A judge has greenlit murder charges for a pair of teens suspected in the double homicide of a Wisconsin doctor and her husband.
As ABC News report, a Wisconsin judge has determined there is enough evidence to proceed with charges against Khari Sanford and Ali’Jah Larrue, both 18, for the shooting deaths of Dr. Beth Potter and her husband Robert Carre, who were found with gunshot wounds to the head in an arboretum at the University of Wisconsin-Madison on March 31. Carre was pronounced dead at the scene, and Potter survived for about an hour at a hospital before she too died.
According to the report, Potter did not implicate anyone in the execution-style shooting, but Sanford reportedy made some type of self-incriminating statement upon questioning. The evidence appears to show that Sanford shot the couple, and that Larrue, whose cell phone was traced to the area the night before the bodies were found, was an accomplice.
As CrimeOnline previously reported, Sanford was dating the couple’s daughter, and the younger pair had been living in their home until Potter and her husband arranged for them to move into a rental home, Potter reportedly took medication that placed her at risk for COVID-19. According to a criminal complaint, she told a friend on the phone that her daughter and Sanford had not practiced social distancing, and that she and her daughter had argued about the situation.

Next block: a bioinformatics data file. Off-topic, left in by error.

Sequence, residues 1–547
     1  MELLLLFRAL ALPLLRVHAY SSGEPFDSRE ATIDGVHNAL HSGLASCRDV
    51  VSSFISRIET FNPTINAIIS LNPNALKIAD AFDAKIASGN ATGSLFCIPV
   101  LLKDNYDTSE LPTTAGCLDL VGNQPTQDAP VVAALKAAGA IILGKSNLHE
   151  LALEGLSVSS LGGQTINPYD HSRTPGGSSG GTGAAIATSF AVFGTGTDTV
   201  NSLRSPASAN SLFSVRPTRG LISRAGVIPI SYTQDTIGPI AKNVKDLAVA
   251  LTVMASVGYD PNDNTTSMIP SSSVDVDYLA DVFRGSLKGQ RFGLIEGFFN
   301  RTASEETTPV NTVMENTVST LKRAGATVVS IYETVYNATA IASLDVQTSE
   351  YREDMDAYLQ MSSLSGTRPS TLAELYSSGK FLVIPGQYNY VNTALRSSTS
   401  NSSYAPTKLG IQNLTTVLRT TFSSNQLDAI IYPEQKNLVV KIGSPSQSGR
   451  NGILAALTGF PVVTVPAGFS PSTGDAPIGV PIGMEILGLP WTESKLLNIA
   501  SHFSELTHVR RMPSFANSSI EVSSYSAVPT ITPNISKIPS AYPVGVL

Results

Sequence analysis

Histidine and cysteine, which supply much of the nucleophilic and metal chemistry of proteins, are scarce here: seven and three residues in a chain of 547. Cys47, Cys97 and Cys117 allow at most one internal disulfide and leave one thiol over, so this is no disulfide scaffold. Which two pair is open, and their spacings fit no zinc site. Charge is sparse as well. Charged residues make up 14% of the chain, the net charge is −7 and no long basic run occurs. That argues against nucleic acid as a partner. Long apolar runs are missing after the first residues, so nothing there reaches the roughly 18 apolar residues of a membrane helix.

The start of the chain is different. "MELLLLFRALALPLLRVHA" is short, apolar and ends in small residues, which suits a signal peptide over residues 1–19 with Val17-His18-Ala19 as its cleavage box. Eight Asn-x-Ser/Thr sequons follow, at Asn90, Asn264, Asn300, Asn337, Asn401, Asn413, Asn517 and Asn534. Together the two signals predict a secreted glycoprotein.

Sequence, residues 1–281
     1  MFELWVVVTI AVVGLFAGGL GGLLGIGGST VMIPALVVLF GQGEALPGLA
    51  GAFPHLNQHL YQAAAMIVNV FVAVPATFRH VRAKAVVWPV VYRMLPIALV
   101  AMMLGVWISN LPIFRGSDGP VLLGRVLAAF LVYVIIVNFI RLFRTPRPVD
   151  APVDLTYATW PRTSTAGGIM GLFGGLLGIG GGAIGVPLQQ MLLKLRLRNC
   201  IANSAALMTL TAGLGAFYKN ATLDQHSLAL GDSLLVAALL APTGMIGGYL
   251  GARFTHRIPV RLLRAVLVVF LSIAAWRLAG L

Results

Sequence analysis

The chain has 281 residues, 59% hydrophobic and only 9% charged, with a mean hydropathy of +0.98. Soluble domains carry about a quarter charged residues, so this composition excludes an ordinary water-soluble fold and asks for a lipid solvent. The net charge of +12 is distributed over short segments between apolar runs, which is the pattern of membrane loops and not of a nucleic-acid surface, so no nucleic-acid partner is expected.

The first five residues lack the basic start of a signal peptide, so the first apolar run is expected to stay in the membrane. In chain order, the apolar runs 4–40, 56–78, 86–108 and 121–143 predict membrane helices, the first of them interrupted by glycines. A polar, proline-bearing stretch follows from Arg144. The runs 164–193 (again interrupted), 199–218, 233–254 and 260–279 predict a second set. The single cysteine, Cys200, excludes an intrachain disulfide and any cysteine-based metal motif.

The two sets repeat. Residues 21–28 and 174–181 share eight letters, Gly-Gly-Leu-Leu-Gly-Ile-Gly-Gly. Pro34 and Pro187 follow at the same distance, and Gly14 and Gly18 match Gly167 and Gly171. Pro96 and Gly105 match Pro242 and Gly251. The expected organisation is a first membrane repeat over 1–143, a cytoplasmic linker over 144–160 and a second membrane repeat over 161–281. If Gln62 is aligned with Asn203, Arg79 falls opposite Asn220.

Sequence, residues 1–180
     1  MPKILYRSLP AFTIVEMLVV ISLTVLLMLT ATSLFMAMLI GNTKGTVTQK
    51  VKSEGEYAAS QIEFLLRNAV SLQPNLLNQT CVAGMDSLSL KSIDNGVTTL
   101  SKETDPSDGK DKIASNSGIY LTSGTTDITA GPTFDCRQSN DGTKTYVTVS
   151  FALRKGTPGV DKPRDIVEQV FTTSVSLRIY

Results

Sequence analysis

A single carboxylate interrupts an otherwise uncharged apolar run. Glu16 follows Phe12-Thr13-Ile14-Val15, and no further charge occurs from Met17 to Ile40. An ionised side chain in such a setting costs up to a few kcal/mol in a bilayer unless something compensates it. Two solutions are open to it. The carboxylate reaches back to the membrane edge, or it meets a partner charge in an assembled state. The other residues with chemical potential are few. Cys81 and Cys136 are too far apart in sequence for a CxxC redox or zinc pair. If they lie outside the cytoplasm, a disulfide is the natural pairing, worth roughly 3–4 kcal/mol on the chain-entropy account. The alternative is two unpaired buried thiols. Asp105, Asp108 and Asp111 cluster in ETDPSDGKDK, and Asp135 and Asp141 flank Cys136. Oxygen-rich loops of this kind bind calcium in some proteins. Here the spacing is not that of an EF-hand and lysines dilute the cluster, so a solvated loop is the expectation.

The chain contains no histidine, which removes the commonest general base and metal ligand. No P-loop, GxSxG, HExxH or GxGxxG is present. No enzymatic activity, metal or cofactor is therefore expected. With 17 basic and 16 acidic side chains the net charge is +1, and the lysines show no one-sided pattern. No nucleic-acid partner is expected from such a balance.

As Nancy Grace said on Daily Mail TV, “Coronavirus did not pull the trigger.” In the below segment, Nancy shares her theory on the brutal double murder.
The daughter has not been charged with any crime, but a criminal complaint appears to show that she may have lied to police, claiming that she and Sanford were both at their rental the entire night before the bodies were found in the early morning hours of March 31.
At a court appearance conducted by video, Larrue’s lawyer reportedly questioned the charges against his client and said there was no evidence Larrue had any kind of relatioship with the murdered couple.
“The key part to this case is they are relying on the GPS data that doesn’t put him [Larrue] in the crime scene, it just puts him the approximate area,” the attorney said, according to ABC News.
“It’s logic that Larrue was hiding or trying not to be involved or telling Sanford to stop what he was doing.”
According to the report, Sanford implicated Larrue as an accomplice. Both defendants are expected to plead not guilty.
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